4. "My Big Fat Greek Wedding" (2002): This low-budget independent effort built slowly into a romantic-comedy phenomenon, generating a jaw-dropping $241 million and proving that traditionally female-oriented movies can more than hold their own alongside big-budget sequels like "Harry Potter and the Chamber of Secrets" and "Attack of the Clones." Throughout the decade we'd see more "chick-centric" movies cash in -- including "Something's Gotta Give," "Sex and the City" and "Twilight" -- but none provided the shock factor of Nia Vardalos's out-of-nowhere "Opa!" effort.
5. "Chicago" (2002): After winning the Academy Award for Best Picture and generating $170 million in ticket sales, Rob Marshall's razzle-dazzler was credited for officially reinvigorating the movie musical. And it kind of did. Arriving in the same year as "Moulin Rouge" and the pop culture phenomenon that is perhaps chiefly responsible for America's renewed interest in show-stopping numbers -- that would be "American Idol" -- "Chicago" paved the way for more song-and-dancers to come. Take a look at the list of the top money-making musicals in history. Granted, it's not adjusted for inflation. But still, it's notable that half of them were released during the '00s.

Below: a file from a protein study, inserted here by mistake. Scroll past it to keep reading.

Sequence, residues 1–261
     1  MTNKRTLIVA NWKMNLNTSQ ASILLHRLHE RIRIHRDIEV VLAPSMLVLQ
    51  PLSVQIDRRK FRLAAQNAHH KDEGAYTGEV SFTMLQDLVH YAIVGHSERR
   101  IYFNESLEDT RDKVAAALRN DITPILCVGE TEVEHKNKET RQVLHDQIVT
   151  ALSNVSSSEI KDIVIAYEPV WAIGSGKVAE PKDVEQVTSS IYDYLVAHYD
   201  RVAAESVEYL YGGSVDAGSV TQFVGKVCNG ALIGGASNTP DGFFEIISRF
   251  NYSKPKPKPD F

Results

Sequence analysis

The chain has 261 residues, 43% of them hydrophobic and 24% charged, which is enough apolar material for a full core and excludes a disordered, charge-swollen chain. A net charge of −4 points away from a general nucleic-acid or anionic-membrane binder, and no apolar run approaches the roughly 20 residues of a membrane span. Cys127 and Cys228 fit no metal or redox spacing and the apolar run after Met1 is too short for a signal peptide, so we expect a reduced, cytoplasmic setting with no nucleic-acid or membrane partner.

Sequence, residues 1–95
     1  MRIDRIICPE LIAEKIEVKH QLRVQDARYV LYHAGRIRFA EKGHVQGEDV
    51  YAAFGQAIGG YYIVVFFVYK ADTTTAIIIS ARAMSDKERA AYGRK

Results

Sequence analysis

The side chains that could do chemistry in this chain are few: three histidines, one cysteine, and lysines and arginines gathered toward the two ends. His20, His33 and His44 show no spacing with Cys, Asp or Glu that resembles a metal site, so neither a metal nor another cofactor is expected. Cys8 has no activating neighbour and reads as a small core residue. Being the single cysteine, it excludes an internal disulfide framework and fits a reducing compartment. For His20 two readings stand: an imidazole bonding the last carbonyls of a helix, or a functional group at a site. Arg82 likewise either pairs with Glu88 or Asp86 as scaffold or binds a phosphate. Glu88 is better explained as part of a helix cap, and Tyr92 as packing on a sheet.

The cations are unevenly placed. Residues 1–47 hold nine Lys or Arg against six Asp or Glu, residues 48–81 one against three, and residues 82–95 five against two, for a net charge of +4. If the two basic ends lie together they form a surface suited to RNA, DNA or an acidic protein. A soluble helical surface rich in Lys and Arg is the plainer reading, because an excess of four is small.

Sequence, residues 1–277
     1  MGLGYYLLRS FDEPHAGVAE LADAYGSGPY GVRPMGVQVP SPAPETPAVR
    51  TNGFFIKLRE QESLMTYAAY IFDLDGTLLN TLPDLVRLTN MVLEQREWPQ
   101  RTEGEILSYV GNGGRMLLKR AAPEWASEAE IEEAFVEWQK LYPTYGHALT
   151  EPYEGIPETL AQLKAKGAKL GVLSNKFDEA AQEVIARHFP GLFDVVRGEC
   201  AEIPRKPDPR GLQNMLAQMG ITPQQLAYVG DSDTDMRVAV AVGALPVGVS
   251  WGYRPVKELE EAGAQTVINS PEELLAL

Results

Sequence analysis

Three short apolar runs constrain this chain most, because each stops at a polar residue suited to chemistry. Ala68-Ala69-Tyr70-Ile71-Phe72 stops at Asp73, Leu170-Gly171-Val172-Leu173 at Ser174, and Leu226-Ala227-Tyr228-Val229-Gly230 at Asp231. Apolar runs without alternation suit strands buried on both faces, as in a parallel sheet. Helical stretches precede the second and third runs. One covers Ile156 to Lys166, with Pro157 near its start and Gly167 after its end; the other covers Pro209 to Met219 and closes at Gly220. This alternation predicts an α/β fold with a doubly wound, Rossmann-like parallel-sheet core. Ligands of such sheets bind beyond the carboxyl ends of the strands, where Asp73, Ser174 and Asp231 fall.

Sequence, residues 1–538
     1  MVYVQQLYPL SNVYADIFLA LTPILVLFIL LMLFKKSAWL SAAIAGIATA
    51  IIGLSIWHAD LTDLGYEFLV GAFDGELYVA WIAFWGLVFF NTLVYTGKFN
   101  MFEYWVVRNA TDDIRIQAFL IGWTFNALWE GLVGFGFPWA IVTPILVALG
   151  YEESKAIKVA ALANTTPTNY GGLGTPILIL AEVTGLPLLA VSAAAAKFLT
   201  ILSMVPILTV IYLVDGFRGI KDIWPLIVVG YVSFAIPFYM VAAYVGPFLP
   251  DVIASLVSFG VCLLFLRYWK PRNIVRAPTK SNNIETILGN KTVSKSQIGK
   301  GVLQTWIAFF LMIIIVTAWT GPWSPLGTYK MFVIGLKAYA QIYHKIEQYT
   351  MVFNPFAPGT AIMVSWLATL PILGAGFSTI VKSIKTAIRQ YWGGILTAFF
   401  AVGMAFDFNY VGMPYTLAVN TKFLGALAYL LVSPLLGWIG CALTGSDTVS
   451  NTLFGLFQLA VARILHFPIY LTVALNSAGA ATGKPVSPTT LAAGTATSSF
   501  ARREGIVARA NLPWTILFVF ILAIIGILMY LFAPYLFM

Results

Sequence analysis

6. "Pirates of the Caribbean: The Curse of the Black Pearl" (2003): Before it was released, most critics could barely contain their disdain for a movie based on a Disney amusement park ride. But then something weird happened, and that weird thing was Johnny Depp. His loopy performance won over audiences, helped this high-seas adventure amass $305 million, guaranteed the creation of "Pirates" sequels and finally made him a genuine box office star. Oh, and it inspired a countless array of Capt. Jack Sparrow costumes, which we'll all be seeing every Halloween from now until the end of time.
7. "The Passion of the Christ" (2004): Mel Gibson's brutal depiction of the crucifixion stunned Hollywood observers, sparking tons of cultural debate and a box office haul of $370 million. But perhaps more importantly, it demonstrated that unconventional modes of movie marketing -- like spreading the word by reaching out to niche groups, in this case avid churchgoers -- could be more effective than old-fashioned billboards and TV ads.